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Title: Theoretical and experimental studies of mucin peptides and glycopeptides
Author: Wakefield, Matthew Jerome
ISNI:       0000 0001 3550 870X
Awarding Body: University of Manchester : University of Manchester
Current Institution: University of Manchester
Date of Award: 2003
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Mucins are very large (tens of MDa) molecules that provide the primary structural components of mucus gels functioning in the Human airways, eyes, reproductive tracts and gut. The majority of the mucin macromolecule consists of repeated sequences of heavily O-glycosylated peptide that is rich in serine (Ser) andlor threonine (Thr), and proline (Pro). These regions of glycoprotein give gel-forming mucins characteristically extended conformations, often exceeding lOf.Ull length, that interweave to form the gel matrix. The nature of this extended conformation poses a conceptual problem as to how these molecules are handled through the biosynthetic pathway. The final stage of biosynthesis involves packaging of the mucins for storage within secretory granules in a highly condensed state. De-condensation of the mucin polymer network upon exocytosis occurs at such a rate «20ms to reach hydrated volume) as to suggest that the condensed phase must be highly organised. In order to begin to understand this condensation/de-condensation process, but also the structure/function relationship, of mucins it is important to understand the conformational ensemble available to these glycoproteins. Using a theoretical approach, supported by experimental evidence, this study aims to improve the understanding of the conformational dynamics of mucin peptides and glycopeptides. Short molecular dynamics (MD) simulations of sequences from MUC2 and MUC7 were used to begin to understand the preferred conformations for Thr, Ser and Pro residues and the related intramolecular hydrogen bond interactions in peptides. Long MD simulations, of 20ns in duration, were then performed on model peptide sequences to further investigate these observations. These simulations allowed us to build up an understanding of the role that water plays in determining the conformation of these biomolecules. Furthermore the effect of peptidyl-prolyl isomerisation on molecular conformation was investigated. In order to understand the effect of O-glycosylation on the conformational dynamics of the peptide, these simulations were contrasted to a series of simulations on the same model peptides with the addition of a-linked N-acetylgalactosamine (GaINAc). Preferred conformations of the alinkage region were investigated, along with the resulting sugar to peptide hydrogen bond networks. In order to investigate the effect of the a-linked GalNAc a series of simulations were performed with 'un-natural' ~-linked GalNAc addition to the model peptides. Hydrodynamic, viscosity and circular dichroism (CD) are techniques that aid the interpretation of the structural content of biomolecules, and were applied to help understand the conformational properties of a series of mucin synthetic peptides and poly amino acids. The MD results show that mucin peptides and model peptides rich in Ser, Thr and Pro have conformational ensembles dominated by an extended yet flexible peptide backbone, an observation supported by hydrodynamic and viscometry studies. The conformational equilibrium found in MD favours the Pn (poly-Pro II helix) secondary structure, a prediction that affords some support from CD studies. Experimental data for poly-Thr molecules ranging from tens to hundreds of residues in length display a compact structure, which reveals an unusual secondary structural content on examination by CD. These observations allow a model to be built of how mucin sequences may exist in compact and extended conformations, necessary for the condensation/de-condensation process. Analysis of MD simulations of model mucin glycopeptides, modified with a-linked glycan, reveal a highly dampened dynamic motion in terms of the amplitude and frequency of shifts in the molecular end-to-end distance vector. The a-linked GalNAc are clearly seen to exist in a set of stable conformers having specific networks of intramolecular hydrogen bonds that shield the peptide backbone from proteolytic attack. This shielding maintains the structural integrity and therefore the function of the mucin macromolecule. MD investigation of p-linked GalNAc reveals a chaotic conformational dynamic associated with the linkage region and a lack of stable intramolecular interactions. Such observations highlight the fact that a-links were selected over p-links by the O-glycosylation machinery in nature.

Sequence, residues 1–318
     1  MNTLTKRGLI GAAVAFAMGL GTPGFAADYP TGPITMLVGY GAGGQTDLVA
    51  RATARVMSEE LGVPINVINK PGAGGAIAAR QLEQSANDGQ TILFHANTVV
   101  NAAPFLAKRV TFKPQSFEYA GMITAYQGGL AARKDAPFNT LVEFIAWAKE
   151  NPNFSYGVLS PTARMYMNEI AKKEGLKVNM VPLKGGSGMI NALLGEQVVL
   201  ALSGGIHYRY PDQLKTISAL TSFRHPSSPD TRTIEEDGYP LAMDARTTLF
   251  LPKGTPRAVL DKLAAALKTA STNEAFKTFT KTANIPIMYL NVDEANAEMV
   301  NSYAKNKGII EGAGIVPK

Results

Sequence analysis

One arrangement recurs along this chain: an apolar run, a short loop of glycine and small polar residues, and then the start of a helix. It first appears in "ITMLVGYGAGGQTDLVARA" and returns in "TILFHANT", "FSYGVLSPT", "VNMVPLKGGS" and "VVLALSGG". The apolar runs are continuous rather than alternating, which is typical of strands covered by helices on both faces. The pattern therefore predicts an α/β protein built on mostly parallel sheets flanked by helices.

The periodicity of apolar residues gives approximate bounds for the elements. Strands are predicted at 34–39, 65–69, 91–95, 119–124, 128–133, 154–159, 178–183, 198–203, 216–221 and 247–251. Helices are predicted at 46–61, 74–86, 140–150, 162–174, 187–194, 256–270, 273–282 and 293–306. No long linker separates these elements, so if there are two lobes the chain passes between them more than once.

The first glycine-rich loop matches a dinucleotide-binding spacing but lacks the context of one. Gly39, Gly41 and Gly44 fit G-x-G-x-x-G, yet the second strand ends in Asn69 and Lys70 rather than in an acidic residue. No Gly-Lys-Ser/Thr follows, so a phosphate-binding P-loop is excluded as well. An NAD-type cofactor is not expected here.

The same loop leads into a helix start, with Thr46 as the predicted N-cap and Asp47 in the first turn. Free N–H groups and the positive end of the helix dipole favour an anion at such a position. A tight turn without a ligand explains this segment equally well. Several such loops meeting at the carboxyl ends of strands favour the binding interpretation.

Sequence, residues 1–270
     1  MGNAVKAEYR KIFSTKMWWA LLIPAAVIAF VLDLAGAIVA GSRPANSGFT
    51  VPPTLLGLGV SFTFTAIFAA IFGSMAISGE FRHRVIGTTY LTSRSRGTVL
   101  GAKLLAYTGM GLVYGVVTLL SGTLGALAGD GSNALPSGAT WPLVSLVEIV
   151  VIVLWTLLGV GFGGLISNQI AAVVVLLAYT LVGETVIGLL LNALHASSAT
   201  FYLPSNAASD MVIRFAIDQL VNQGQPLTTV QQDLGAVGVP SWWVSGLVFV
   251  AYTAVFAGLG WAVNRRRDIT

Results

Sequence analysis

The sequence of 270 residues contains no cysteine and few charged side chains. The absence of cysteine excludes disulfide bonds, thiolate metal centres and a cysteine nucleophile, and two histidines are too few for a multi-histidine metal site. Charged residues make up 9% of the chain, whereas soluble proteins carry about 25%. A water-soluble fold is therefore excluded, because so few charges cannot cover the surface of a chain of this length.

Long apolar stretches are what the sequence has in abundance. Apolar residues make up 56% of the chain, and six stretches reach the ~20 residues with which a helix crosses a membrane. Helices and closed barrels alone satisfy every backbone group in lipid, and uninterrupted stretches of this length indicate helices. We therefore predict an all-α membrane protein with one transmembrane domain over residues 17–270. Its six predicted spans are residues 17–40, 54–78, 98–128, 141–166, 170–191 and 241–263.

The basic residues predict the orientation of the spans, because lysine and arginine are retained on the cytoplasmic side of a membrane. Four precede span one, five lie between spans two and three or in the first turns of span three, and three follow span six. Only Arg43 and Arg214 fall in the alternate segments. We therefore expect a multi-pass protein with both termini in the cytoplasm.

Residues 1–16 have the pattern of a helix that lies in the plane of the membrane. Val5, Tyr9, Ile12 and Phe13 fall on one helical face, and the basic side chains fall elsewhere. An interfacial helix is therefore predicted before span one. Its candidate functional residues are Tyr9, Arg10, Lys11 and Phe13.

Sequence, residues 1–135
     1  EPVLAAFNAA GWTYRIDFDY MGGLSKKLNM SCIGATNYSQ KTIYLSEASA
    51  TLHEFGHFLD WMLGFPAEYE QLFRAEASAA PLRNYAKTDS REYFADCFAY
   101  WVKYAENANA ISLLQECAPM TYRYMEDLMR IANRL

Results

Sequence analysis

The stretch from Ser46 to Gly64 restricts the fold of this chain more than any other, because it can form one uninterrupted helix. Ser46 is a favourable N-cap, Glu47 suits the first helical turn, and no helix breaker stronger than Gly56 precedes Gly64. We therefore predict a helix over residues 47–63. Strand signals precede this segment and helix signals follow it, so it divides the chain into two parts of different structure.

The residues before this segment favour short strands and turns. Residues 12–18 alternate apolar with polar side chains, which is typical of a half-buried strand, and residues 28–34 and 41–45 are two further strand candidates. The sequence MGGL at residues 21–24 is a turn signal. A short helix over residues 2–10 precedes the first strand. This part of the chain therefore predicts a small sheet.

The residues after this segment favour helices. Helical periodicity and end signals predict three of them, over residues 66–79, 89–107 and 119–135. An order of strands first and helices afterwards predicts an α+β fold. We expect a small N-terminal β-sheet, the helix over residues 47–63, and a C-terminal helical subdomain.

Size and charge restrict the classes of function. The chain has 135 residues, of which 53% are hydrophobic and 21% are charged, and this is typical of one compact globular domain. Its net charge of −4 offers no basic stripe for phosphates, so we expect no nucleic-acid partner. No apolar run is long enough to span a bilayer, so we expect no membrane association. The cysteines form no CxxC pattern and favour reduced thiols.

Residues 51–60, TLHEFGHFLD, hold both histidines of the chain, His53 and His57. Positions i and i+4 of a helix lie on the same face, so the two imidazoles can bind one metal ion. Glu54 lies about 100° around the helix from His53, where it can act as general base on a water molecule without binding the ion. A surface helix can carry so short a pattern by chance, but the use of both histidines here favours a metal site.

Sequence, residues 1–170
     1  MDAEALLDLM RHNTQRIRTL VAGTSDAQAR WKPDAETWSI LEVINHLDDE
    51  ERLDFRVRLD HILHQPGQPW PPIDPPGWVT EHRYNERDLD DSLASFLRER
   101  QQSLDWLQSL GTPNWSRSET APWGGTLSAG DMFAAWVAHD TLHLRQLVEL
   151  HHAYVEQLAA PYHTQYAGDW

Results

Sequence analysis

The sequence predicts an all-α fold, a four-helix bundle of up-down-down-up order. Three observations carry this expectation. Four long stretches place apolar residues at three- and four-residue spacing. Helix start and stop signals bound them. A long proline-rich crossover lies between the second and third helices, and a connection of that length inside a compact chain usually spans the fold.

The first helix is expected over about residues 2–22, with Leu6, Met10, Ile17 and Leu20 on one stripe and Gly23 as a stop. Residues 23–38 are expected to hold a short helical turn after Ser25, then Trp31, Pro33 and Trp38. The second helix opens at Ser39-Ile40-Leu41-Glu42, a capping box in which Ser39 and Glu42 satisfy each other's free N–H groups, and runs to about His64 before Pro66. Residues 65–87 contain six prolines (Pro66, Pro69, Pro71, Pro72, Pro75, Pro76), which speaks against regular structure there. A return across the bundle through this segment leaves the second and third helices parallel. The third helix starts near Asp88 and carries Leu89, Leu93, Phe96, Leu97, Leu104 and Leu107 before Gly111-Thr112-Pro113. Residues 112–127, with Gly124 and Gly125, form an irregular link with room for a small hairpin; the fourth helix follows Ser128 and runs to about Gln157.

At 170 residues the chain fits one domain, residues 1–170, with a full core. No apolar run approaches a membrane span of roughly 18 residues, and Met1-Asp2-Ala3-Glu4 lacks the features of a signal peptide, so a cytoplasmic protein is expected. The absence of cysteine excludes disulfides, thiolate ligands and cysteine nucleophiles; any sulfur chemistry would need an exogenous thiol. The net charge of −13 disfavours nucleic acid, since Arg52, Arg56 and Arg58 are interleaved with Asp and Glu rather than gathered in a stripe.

Supervisor: Not available Sponsor: Not available
Qualification Name: Thesis (Ph.D.) Qualification Level: Doctoral
EThOS ID:  DOI: Not available